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Chapter 24 Economic, Social, and Legal Effects of Advertising

-List three eras of advertising criticism

-Identify economic arguments for and against advertising


1. Advertising provides consumers with information to make informed decisions about

new products, availability of products, price, and product benefits.
2. Advertising supports largely unrestricted media that disseminate news and
entertainment. It also provides employment for thousands of workers in these media.
3. By promoting product differentiation, advertising encourages continuing product
improvements and the introduction of new and innovative goods and services.
4. Mass advertising permits companies to achieve economies of scale in production that
more than offset the per unit cost of advertising and combined with competition,
result in lower prices
5. Advertising contributes to increases in the overall economy by increasing generic as
well as brand consumption.


1. The intent of advertising is to persuade, not to inform. Ads only provide positive
information about a brand
2. On a macroeconomic basis, advertising spending is largely wasted because it
primarily causes consumers to switch from one brand to another without any net gain
to society.
3. Many economists challenge the notion that advertising lowers the price of products
and services. Primary goal of advertising is to insulate a brand from price competition
by creating emotional appeals so price becomes less and less important.
4. The high rate of advertising expenditures in many product categories makes it
difficult, if not impossible for new products to enter the market.

-Explain the difference between inadvertent and intentional social roles of advertising

Inadvertent: advertising conveys largely unintended messages that nevertheless, impart

information about society in general or some segment of the public. By the sheer weight of
exposure, advertising sets a social agenda of what is expected, what is fashionable, and what
is tasteful to a significant number of people.

Overt role: Campaigns whose primary objective is promoting social change. Ads that
promote safe driving, adult literacy, and environmental causes. Interest groups have seen the
value in effective advertising.

-Identify the social criticisms of advertising

 Privacy concerns. In recent years, consumers have become increasingly concerned
about privacy issues. The heightened awareness is in large part the result of the
development of sophisticated communication technology. Cookies. Do Not Call to
limit telemarketing.
 Product placement. Advertisers are using various placement techniques as a part of
their core marketing plan rather as a minor strategy.
 Advertising’s role in obesity. A number of lawsuits have been filed to high profile
fast food chains charging that their promotions of high calorie, fatty menu items have
led to various health problems.

Explain the difference between issue-advocacy and cause-related advertising

Issue-advocacy: the tone of many of these ads is negative, as groups seek to derail proposed
legislation or emphasize shortcomings in an opponent’s plan. Rich companies can invest
millions in a campaign including commercials, public relations, and media buying to
influence the debate.

Cause-related: Companies market their good deeds in the same way they market their
products. American Express sponsored a campaign promising to make a donation to the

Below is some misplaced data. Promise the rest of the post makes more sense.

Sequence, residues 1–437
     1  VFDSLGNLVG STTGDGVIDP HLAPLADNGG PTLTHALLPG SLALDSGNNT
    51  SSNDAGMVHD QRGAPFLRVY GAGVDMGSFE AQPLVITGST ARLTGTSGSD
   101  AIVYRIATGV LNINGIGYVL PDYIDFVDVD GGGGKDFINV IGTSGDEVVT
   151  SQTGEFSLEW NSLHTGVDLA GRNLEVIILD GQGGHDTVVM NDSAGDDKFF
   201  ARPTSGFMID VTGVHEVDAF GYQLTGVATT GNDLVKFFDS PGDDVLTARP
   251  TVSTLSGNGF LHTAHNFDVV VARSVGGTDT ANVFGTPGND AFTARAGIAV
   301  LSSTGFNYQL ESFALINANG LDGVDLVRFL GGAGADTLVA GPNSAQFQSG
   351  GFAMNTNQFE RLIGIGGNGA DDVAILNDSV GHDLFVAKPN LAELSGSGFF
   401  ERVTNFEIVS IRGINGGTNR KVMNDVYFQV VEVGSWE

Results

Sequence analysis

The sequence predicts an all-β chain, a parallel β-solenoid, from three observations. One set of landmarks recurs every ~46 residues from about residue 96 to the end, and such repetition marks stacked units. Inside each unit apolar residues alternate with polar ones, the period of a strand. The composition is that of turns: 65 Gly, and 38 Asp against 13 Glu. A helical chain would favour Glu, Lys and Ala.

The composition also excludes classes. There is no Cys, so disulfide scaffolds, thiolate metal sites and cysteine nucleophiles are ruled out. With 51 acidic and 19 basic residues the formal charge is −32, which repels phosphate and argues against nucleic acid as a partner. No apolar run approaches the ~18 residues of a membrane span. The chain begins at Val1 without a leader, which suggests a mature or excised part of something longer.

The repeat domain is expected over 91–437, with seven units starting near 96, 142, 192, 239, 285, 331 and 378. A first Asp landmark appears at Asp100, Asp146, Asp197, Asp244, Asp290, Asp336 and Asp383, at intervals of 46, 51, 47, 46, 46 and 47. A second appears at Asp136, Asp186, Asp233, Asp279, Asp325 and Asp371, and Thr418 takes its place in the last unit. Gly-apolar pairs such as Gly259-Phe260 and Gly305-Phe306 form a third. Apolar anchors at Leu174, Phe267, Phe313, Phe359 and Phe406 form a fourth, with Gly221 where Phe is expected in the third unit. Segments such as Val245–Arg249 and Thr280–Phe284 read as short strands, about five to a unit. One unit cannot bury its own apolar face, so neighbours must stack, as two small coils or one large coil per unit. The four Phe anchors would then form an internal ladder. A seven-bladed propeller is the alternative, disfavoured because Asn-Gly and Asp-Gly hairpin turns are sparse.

renovation of the Statue of Liberty each time someone used their card.

-Describe the FTC’s role in advertising regulation

Their role is to create a free marketplace based on dissemination of complete, truthful, and
nondeceptive advertising. They also investigate various sales practices and illegal pricing
activities. Advertisers must be able to substantiate their claims.

1. There must be a representation, omission, or practice that is likely to mislead the

2. The act or practice must be considered from the perspective of a consumer who is
acting reasonably.
3. The representation, omission, or practice must be material.

-Discuss the components of the Central Hudson Four Part Test

1. Is the commercial expression eligible for 1st amendment protection? Is it neither

deceptive nor promoting an illegal activity? No protection can be provided for
commercial speech that fails this test.
2. Is the government interest asserted in regulating the expression substantial?
Requires that the stated reason for regulating the advertisement must be of primary
interest to the state.
3. If the first two tests are met, the Court considers if the regulation of advertising
imposed advances the cause of government interest asserted. If we assume that an
activity is of legitimate government concern, will the prohibition of commercial
speech further the government’s goals?
4. If the first three tests are met, the Court must finally decide if the regulation is
more extensive than necessary to serve the government’s interest. Is there a less
severe restriction that could accomplish these same goals?

-List three negative consequences of comparison advertising

 Comparative advertising runs the risk of inadvertently promoting competitive brands

and or appearing to offer credibility to them by including their names.
 Some comparison advertising techniques may appear unfair to consumers and damage
not only the reputation on the brand using it, but also advertising in general.
 Firms often fear that comparative advertising claims will precipitate lawsuits by
companies that think their brands have been unfairly disparaged.

-Discuss the primary roles of the NARC, NARB, and the CARU in supporting
advertising regulation

They're located in the discussions under the requests/offers of notes section titled Notes
for Test #3. The first section of them is reading notes, the second is lecture notes, and
the third is group presentation notes.